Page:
Forest Stand Conversion from Hardwoods to Pines: Effects on Soil Nutrients, Microorganisms and Forest Floor Weight During the First Seven Years
Converting hardwood stands to pine caused little change in phosphorus, potassium, calcium and magnesium levels or the numbers of actinomycetes, bacteria, fungi and nematodes of three South Carolina forest soils during the first 7 years after conversion. Forest floor weights decreased to 9,085 kg/ha (54 percent of control) 3 years after conversion but increased to 18,440 kg/ha (90 percent of control) after 7 years. Forest Sci. 21:155-159.
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Keywords: Pinus taeda
Document Type: Journal Article
Affiliations: Associate Professor of Forestry, Department of Forestry, Clemson University, Clemson, South Carolina 29631
Publication date: 1975-06-01
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- Forest Science is a peer-reviewed journal publishing fundamental and applied research that explores all aspects of natural and social sciences as they apply to the function and management of the forested ecosystems of the world. Topics include silviculture, forest management, biometrics, economics, entomology & pathology, fire & fuels management, forest ecology, genetics & tree improvement, geospatial technologies, harvesting & utilization, landscape ecology, operations research, forest policy, physiology, recreation, social sciences, soils & hydrology, and wildlife management.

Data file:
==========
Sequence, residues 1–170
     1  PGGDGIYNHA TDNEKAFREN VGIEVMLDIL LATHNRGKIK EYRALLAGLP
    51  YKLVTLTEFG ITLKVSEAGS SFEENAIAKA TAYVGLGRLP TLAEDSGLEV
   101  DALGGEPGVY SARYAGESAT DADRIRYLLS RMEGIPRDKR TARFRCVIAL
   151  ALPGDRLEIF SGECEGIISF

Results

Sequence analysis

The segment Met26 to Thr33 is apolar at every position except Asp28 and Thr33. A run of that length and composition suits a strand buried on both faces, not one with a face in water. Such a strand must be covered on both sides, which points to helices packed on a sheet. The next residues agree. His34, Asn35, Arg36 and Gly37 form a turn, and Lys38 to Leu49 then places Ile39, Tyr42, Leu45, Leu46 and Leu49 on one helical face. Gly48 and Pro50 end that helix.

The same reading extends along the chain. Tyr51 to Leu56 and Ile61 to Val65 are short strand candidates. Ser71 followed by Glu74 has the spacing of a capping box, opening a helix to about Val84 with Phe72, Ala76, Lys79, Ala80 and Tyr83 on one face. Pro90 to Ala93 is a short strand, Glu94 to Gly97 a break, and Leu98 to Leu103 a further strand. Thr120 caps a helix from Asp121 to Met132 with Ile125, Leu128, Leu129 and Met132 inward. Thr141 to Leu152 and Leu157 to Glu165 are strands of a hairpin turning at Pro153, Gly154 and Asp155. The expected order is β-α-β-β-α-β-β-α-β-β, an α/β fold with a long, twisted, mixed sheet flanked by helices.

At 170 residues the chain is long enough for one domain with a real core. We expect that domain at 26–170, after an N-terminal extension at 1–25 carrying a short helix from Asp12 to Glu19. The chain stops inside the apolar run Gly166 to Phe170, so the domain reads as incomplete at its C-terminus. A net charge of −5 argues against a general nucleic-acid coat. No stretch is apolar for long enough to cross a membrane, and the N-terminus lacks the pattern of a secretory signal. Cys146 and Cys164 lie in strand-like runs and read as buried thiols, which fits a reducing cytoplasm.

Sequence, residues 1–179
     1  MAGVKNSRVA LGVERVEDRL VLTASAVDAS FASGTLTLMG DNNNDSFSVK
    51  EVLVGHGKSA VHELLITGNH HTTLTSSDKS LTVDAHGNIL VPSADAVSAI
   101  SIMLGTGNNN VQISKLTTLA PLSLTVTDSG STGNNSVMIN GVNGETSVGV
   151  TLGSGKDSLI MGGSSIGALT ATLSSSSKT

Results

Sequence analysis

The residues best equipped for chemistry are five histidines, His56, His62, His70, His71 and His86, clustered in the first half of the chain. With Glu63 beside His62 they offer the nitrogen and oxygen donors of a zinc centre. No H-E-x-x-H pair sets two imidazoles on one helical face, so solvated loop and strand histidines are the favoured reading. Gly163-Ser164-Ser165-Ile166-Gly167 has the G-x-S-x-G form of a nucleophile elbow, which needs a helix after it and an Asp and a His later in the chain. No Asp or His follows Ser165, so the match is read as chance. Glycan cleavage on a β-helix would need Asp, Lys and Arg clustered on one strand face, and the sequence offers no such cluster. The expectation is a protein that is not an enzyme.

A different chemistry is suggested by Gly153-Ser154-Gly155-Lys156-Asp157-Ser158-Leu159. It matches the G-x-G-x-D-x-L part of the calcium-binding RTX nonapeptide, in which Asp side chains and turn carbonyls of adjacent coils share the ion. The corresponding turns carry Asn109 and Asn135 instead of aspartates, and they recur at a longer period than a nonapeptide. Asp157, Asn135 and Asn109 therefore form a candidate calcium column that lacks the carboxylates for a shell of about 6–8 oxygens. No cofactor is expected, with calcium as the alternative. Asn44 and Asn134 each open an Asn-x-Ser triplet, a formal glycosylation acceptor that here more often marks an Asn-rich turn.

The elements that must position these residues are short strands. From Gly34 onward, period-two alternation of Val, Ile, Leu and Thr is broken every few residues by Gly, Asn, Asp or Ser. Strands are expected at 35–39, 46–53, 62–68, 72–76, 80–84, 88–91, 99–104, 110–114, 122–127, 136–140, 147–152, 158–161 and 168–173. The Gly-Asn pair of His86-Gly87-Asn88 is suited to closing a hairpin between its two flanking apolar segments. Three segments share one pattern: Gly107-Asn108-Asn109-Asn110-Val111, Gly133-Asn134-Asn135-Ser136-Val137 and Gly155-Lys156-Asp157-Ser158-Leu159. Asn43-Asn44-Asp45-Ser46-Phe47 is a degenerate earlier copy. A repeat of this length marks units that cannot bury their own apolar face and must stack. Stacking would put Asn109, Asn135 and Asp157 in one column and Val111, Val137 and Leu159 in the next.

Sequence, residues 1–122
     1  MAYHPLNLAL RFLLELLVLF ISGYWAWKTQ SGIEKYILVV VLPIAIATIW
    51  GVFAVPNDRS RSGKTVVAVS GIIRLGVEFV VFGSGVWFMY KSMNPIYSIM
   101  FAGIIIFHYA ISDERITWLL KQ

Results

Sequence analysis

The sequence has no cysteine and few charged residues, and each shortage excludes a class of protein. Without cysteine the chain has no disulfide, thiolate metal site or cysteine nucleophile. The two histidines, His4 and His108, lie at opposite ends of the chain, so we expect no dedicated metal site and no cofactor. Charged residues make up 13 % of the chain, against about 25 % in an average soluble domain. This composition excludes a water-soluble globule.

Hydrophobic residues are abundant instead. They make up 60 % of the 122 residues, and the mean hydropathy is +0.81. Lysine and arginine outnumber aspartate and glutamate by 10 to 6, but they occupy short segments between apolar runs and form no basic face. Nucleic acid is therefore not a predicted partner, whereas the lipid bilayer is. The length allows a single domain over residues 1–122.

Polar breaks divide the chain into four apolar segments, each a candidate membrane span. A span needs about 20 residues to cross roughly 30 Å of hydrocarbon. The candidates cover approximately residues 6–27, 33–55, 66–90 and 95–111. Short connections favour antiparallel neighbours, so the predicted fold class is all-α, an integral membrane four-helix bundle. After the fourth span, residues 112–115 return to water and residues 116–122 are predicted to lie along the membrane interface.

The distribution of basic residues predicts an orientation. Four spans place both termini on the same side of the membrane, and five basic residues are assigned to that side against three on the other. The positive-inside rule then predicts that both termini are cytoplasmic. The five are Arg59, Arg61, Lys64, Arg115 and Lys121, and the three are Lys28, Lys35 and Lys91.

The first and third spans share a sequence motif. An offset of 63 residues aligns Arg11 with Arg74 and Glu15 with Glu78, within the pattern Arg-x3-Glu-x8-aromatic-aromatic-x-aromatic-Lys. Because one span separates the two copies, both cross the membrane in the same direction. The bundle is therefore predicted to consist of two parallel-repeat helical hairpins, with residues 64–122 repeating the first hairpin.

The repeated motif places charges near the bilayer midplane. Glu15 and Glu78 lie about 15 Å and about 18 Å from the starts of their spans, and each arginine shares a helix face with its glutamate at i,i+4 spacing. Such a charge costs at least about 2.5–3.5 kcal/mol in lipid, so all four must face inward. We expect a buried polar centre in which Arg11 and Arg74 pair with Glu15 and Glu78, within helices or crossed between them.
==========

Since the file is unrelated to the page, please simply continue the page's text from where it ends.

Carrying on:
Forest Science is published bimonthly in February, April, June, August, October, and December.
2016 Impact Factor: 1.782 (Rank 17/64 in forestry)
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